PENDANT OF A MAN WITH OPOSSUM TRAITS
Talismanic pendant depicting the hybrid figure of a man with traits of an opossum, an animal usually associated with fertility. Long, rectangular and narrow in shape, the creature has a head, eyes, a necklace and arms folded on its belly. The last third of the pendant is polished yet un-carved and forms a ritual axe. The Indians worked pre-Columbian jade, which is much harder than Chinese jade with the help of string saws and sand. The pendant is made of a bluish green jadeite with polished light and aquatic reflections. It is pierced with a conical hole used for suspension that would have been carved using an archaic trephine. Excellent state of preservation.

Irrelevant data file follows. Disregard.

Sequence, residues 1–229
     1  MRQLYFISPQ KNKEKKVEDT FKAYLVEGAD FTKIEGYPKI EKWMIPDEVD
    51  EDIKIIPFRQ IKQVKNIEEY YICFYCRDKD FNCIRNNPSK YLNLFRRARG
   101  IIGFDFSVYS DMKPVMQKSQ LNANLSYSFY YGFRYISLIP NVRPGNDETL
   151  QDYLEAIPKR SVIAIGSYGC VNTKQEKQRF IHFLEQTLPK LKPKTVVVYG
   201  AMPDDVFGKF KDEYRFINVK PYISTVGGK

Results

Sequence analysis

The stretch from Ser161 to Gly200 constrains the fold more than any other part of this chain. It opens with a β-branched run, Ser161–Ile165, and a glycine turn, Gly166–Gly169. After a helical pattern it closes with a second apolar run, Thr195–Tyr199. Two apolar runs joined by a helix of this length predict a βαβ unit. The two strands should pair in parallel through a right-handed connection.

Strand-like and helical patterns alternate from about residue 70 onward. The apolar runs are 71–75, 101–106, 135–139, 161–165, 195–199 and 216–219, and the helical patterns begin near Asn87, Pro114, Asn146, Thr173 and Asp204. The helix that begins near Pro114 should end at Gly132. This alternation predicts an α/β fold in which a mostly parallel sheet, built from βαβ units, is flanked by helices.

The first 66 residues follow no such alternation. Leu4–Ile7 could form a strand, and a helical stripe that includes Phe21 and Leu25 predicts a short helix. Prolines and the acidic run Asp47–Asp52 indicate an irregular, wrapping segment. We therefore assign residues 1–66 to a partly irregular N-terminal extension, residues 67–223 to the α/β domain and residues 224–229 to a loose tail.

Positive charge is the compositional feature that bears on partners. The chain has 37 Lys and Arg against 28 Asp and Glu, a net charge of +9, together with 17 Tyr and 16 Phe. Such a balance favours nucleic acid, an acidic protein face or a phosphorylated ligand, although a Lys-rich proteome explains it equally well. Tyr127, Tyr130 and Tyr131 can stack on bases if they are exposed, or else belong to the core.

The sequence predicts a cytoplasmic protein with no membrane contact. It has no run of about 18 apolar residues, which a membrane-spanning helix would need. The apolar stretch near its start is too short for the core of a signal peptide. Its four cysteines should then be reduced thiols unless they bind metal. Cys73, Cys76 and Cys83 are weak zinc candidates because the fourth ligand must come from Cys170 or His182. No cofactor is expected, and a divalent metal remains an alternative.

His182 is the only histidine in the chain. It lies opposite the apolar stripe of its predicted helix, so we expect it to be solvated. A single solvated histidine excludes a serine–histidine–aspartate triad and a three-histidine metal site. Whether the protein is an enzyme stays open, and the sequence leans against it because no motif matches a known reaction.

Costa Rica was once a major centre for the work and use of jade in pre-Columbian America. It is believed that the emergence of jade work is linked to the hierarchic placement of the society. Jade, which at the time was considered more valuable than gold, was reserved for the elite and highest aristocracy, who wore it during their lifetime and placed it in their tombs. The people also wore jade in more rustic pebble forms as a symbol of their different social class. It was used more frequently in the South than in the North where gold was more appreciated, however from the “flourishing” period, some individuals carried the two together. The prestige of jade was also due to the scarcity of its deposits. The most important was in Guatemala in the valley of the Motagua River.